The stylistic approach used by the artist who created the Moseley miniatures is most certainly not consistent with any other sixteenth century miniature portrait. It is also most definitely missing that fine quality of brushwork seen in other miniatures that can truly relate to the hand of Hans Holbein. The approach is more consistent with that used by the nineteenth century British Miniaturist, George Perfect Harding (1781-1853).
During the nineteenth century, artists would often revisit the works of some of the more prominent sixteenth century artist’s and produce copies of their portraits to satisfy the high demand in the public’s fascination with English History.
In some cases, many of these newly created copies would often be so realistic that at times it would be extremely difficult to establish the genuine artifact from the newly created version. Some of the more modern copies would, at times be sold off as a genuine sixteenth century portrait due to the quality of the copy. George Perfect Harding was a prolific copyist of historical portraiture and would often go to extreme lengths to locate works which had not, as yet been reproduced by other peers of his day. Harding was certainly an exceptionally talented artist, who would never attempt to pass his own works off as the genuine artifact. Examples of his work are stored today within private and public collection’s all show his stylistic approach of a sixteenth century portraits, rather than a direct copy created to mislead viewer.
By 1971, the portrait set was once again back in England and was sold by Sotheby’s auction house on 18th of October. During this sale the set was rightfully described as ‘after Hans Holbein, probably by George Perfect Harding’ and sold for the sum of one hundred and fifty pounds. It finally appeared, once again in America, when it was sold from the collection of Dr Virginia Armentrout, in 2006, by Freeman’s auction house, Philadelphia. The set was purchased for the sum of one thousand six hundred dollars, and I am now informed that it is currently in a private collection in Pennsylvania.
Though undoubtably a beautiful portrait of Anne Boleyn, it appears that the portrait is most certainly a nineteenth century copy, rather than that produced by the hand of Hans Holbein. It can therefore be eliminated from any possible list of sixteenth century portraits associated with the name Anne Boleyn. If anything, this article has attempted to document and put some order to the provenance relating to this item.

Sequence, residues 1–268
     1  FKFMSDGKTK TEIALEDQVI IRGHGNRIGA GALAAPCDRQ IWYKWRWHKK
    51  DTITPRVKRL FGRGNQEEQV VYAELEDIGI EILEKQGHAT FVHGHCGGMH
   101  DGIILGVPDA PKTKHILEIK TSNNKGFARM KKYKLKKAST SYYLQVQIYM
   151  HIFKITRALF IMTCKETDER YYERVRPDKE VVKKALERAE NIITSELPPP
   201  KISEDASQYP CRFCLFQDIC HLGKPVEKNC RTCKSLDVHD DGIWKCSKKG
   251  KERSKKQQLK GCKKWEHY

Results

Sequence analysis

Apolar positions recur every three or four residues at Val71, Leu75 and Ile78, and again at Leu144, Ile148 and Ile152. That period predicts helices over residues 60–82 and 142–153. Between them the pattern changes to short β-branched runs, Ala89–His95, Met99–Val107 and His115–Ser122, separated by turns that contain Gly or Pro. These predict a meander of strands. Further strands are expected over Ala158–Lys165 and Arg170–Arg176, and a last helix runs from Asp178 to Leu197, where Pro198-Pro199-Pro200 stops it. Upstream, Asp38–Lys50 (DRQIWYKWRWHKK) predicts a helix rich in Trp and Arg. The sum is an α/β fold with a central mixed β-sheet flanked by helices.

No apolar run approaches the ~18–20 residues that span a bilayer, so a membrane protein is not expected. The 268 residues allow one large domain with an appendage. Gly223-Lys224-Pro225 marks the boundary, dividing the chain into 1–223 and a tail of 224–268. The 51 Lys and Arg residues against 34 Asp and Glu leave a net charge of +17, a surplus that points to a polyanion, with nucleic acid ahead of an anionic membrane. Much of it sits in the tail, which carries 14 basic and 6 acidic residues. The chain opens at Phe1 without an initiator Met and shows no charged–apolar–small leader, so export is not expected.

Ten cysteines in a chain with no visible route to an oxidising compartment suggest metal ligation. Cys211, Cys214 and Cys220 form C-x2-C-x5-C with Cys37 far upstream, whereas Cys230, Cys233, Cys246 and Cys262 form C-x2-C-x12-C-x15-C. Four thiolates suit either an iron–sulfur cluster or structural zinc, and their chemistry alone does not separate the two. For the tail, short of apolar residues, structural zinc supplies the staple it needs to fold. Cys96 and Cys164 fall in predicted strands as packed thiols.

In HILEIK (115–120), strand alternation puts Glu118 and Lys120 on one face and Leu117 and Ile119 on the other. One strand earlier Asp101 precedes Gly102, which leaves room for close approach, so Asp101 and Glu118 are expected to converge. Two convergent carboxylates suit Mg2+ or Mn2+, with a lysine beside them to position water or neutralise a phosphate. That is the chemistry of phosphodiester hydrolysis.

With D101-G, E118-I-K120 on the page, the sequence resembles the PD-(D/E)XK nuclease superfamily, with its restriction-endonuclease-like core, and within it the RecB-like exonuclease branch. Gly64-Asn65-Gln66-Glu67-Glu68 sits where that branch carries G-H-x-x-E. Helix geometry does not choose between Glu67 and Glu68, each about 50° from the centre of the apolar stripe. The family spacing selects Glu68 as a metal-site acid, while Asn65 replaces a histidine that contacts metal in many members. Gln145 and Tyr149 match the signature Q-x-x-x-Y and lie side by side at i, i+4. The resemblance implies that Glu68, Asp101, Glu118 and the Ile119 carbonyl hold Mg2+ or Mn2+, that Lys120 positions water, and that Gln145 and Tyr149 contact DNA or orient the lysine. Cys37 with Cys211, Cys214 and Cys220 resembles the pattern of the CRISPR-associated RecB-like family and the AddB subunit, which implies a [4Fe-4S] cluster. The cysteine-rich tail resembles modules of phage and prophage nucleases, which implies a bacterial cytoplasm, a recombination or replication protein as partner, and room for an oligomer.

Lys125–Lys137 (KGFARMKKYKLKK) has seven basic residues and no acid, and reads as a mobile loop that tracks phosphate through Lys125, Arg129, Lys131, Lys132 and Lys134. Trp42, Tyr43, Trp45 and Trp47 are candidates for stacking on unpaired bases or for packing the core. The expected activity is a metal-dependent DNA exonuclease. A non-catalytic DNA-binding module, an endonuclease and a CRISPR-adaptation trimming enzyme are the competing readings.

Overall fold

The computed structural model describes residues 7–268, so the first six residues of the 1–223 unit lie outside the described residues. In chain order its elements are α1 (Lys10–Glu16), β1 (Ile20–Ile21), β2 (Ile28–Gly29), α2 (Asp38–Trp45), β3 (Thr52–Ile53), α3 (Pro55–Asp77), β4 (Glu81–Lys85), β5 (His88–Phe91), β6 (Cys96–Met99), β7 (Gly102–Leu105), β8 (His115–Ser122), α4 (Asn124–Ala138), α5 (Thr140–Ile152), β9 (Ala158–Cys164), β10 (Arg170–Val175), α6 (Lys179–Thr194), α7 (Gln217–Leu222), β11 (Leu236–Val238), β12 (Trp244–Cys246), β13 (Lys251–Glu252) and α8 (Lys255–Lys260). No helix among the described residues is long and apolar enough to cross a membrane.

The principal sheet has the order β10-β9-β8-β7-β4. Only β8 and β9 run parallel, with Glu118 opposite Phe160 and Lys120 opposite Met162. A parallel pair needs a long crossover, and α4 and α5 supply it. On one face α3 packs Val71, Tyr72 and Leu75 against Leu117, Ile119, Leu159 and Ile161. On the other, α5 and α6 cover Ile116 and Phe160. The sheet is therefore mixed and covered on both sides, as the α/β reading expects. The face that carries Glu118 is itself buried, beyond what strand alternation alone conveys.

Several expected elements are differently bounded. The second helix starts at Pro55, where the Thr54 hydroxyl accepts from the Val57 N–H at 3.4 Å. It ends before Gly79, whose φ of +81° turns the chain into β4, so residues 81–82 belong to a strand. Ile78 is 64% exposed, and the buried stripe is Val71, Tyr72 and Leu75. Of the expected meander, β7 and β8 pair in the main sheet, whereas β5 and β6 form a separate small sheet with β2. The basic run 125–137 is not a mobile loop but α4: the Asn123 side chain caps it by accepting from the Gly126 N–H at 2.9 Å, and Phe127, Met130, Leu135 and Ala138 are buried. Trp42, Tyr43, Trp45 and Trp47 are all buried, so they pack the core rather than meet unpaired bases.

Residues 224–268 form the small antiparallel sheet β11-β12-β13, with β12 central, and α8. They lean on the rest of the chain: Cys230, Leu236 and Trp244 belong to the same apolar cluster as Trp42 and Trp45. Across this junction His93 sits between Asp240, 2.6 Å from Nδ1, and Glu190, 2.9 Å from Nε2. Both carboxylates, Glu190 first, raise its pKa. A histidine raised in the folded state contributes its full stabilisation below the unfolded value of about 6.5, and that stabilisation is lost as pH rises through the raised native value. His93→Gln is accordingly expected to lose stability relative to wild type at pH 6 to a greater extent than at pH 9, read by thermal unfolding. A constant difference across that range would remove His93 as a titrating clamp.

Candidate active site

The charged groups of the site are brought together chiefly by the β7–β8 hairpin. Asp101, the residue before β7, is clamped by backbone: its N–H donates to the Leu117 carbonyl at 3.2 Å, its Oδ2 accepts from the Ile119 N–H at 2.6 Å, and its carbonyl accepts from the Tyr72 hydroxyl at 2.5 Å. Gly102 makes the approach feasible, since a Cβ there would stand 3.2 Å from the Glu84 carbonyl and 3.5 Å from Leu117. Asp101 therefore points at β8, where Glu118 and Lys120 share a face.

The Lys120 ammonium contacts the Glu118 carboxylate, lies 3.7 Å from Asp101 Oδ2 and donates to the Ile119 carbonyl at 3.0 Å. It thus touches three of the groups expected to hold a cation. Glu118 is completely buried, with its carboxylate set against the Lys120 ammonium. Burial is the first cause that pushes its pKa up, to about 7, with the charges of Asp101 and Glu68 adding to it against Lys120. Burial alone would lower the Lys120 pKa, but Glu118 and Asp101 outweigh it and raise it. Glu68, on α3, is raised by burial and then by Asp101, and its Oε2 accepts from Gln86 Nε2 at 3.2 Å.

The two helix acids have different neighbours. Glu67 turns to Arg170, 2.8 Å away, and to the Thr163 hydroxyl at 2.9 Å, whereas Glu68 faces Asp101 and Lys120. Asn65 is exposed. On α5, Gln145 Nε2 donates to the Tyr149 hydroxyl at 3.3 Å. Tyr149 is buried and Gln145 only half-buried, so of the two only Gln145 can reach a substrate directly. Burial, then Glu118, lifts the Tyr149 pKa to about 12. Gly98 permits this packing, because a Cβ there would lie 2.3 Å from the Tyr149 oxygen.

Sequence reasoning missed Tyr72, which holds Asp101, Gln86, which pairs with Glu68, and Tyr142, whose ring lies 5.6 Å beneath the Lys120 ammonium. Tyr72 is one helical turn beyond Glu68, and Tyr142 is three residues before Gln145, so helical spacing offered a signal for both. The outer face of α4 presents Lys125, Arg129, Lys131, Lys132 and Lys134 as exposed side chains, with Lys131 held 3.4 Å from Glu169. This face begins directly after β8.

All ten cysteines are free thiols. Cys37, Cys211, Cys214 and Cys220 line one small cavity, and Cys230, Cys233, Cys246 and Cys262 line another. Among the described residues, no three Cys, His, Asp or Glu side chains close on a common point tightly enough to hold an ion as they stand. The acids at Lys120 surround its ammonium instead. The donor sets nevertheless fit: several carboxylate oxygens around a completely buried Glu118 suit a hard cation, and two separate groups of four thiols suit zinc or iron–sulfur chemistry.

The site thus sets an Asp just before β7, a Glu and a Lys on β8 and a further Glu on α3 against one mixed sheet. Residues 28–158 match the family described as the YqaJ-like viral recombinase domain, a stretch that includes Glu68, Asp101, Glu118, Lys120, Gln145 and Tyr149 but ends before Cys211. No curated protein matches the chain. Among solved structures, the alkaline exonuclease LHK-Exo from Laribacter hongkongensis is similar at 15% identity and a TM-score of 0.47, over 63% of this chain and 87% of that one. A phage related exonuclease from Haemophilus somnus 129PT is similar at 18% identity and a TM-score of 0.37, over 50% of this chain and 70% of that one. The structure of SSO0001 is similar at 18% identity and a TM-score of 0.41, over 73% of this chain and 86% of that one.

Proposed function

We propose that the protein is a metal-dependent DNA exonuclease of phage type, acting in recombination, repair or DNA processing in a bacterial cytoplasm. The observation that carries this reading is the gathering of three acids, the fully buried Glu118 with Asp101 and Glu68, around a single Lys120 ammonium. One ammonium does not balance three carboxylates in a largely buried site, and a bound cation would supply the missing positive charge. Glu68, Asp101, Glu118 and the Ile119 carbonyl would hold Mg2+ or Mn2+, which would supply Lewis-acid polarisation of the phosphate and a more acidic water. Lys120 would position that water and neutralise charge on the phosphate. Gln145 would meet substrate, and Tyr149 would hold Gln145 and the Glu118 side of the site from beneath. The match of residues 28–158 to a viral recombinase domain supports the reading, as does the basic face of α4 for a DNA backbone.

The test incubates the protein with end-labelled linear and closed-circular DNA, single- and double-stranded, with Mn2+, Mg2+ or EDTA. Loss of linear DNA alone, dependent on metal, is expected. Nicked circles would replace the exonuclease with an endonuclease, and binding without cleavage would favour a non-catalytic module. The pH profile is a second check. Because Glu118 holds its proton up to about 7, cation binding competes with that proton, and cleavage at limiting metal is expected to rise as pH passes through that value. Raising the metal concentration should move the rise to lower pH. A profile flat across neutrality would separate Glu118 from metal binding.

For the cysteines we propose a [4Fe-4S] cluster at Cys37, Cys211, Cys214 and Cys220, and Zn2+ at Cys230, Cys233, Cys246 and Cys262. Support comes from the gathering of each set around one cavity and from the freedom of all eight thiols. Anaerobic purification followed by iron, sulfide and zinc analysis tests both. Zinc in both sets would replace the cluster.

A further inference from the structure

Catalogue of Art Treasures of The United Kingdom, Manchester, 1857, item 23, P.208
 Burke, Bernard, (1879) A Genealogical and Heraldic History of the Landed Gentry of Great Britain & Ireland, Harrison. Pall Mall, Vol 2 P: 1134
 Shropshire Archives, SC/1/50, Sales Catalogue for the Leaton and Whittimere estate, July 1916
 This was not to be the only portrait of Anne Boleyn owned by the Gould family, and a second portrait was purchased by Anna Gould in June of 1940 and can still be seen at the Family seat of Lyndhurst Manor toady. For more information on the Lyndhurst portrait see: The Lyndhurst Portrait – Lady Jane Grey Revisited
 For more information on the historic portrait copyists and their production see: Reynolds. Graham, (1999) The Sixteenth and Seventeenth Century Miniatures in The Collection of Her Majesty the Queen, Royal Collection Enterprises Limited
 Sotheby’s Sales catalogue, 18th October 1971, lot 79
 Electronic communication with Raphael Chatroux of Freeman’s Auctions, 20th August 2020
In May 1553, the wedding of Lady Jane Grey and Lord Guildford Dudley took place at Durham House, the London residence of John Dudley, Duke of Northumberland. Over the course of four hundred years, many myths have attached themselves to the life and events surrounding Lady Jane Grey. Details surrounding the events of her marriage are clouded with a mixture of fact, myth, confusion and in some cases the actual evidence of what truly happened is unfortunately missing.
Today, many of us have been introduced to the story of Lady Jane Grey through modern technology, fictional writing, and the 1986 Paramount movie ‘Lady Jane’. In many of these adaptations her wedding to Guildford Dudley is often mentioned, however, at times, the myths have clouded the true facts of what really happened during the build-up to the marriage, the celebration itself, and the few short months the young couple experienced of married life, before their lives would be turned upside down.
In this article, we will look at what contemporary evidence we have today and attempt to discover exactly what happened during this period of Jane’s life. We will also attempt to separate some of the facts from the large amount of fiction that has managed to spin itself around the events of May 1553.
In 2009, Historian Eric Ives briefly discussed the lack of surviving documented evidence surrounding Jane and Guildford’s wedding. Ives noted that ‘English observers do not mention the celebrations.’ We do, however, have a small number of reports written by foreign dignitaries who obtained details of the celebrations, and appear to have been very impressed by the extravagance and splendour of the events.